First: We have a theme of writing posts going this week. I promise the book reviews will resume shortly.
Second: Contest ALERT! Writerly friends, the fabulous Guide to Literary Agents blog is hosting a contest, so hasten over there if you have a completed MG or YA novel you would like to submit. Prizes: critiques by agent Jennifer Laughran with the Andrea Brown Literary Agency.
Now, on to today’s blog topic: Themes
What do Harry Potter, Percy Jackson, and Artemis Fowl have in common? They are obviously all young male protagonists of wildly popular books/movies/cults/pop culture.
Beyond the obvious, they are all middle grade (initially) boys on epic adventures, battling dark forces and forging friendships and piecing together their place in the universe. They each have layered, compelling themes that make Harry much more than a boy who turns out to be a wizard, and Artemis more than just a very smart, rich kid. Percy was convinced he was a drop-out in life, until he realized he was actually half god (hey, that would kind of make my day, too). The themes range from obvious (Harry is the “chosen one”) to the subtle (Artemis is searching for his mother’s lost mind, as much as fairy gold) to the brilliant (dyslexia as a sign of a higher destiny as a half blood).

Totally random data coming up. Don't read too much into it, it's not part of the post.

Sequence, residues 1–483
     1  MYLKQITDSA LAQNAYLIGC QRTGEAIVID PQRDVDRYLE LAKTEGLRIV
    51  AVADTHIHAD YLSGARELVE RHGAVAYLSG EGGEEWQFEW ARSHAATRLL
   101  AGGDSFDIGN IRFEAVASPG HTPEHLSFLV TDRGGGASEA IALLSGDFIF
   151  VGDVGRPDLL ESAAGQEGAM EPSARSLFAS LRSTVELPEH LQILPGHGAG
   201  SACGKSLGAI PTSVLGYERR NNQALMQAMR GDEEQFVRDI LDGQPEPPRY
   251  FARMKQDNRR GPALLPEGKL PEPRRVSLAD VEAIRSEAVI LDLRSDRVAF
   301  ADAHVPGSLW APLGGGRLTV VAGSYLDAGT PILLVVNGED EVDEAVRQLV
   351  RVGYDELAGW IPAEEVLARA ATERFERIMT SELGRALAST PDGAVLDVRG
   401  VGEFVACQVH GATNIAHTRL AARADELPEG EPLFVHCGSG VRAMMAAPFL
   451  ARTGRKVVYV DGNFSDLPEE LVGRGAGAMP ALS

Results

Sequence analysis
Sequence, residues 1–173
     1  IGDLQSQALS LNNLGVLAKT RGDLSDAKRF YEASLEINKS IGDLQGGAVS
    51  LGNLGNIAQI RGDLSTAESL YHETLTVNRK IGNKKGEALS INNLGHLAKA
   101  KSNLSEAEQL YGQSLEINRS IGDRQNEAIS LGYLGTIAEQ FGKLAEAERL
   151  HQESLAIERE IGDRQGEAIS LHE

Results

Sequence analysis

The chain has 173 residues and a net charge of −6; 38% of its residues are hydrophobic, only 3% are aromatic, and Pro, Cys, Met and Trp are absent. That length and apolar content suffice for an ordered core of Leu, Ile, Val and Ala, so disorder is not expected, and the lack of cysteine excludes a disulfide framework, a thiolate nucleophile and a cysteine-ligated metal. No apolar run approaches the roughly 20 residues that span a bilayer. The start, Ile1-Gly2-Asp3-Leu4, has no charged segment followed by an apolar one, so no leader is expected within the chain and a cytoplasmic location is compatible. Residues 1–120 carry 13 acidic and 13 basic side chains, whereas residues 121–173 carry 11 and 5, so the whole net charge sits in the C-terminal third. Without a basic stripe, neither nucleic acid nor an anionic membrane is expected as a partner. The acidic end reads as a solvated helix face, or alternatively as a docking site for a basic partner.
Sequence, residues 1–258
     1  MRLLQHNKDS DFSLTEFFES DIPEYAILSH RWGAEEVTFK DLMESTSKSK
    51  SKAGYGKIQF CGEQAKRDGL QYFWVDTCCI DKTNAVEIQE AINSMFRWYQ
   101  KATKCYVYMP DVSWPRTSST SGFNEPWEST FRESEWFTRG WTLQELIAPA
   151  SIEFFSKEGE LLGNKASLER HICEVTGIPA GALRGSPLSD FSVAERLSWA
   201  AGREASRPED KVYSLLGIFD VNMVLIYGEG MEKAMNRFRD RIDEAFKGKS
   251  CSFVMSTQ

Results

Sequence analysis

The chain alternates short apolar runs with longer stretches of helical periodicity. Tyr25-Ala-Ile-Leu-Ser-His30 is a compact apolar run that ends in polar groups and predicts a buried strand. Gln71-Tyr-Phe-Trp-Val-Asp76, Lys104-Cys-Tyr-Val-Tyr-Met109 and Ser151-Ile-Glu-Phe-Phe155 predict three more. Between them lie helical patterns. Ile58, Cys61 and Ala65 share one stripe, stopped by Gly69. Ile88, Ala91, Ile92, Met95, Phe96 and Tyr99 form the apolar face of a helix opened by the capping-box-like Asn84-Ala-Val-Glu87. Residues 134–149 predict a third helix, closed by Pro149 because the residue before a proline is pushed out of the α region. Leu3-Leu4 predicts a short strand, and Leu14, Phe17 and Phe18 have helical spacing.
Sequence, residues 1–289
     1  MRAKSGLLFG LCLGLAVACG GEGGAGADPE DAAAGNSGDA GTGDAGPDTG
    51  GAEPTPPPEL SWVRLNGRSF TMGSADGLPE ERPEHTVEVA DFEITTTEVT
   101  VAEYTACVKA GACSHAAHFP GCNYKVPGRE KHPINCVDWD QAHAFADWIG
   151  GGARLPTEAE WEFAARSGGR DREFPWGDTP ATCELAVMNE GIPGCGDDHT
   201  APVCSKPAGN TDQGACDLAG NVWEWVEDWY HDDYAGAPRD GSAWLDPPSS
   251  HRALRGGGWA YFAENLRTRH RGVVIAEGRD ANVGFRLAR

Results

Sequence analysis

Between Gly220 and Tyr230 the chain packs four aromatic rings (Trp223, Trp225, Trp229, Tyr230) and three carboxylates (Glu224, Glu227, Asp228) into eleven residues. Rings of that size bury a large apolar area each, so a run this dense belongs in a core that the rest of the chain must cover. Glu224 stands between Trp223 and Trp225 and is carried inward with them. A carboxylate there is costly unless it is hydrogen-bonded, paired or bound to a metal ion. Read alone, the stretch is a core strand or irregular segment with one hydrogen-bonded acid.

A powerful theme will draw us in, even when we don’t know what it is. Sneaky that way, themes are. They speak to powerful, almost subconscious, yearnings for understanding – about ourselves, about the world, about each other.
Weaving themes into your story is no small trick. I love the way blogger friend Rebecca describes the levels of writing as expression through music: technical accuracy, interpretation, expression, and power. In order to capture a theme effectively, I think writers need to at least reach the level of expression in their writing. The ones that can do it with power, hit it out of the park.
I need to go meditate in the Jedi Council chambers now. To better cleanse my mind and prepare to reach the next level . . .
What are you doing lately to improve your craft?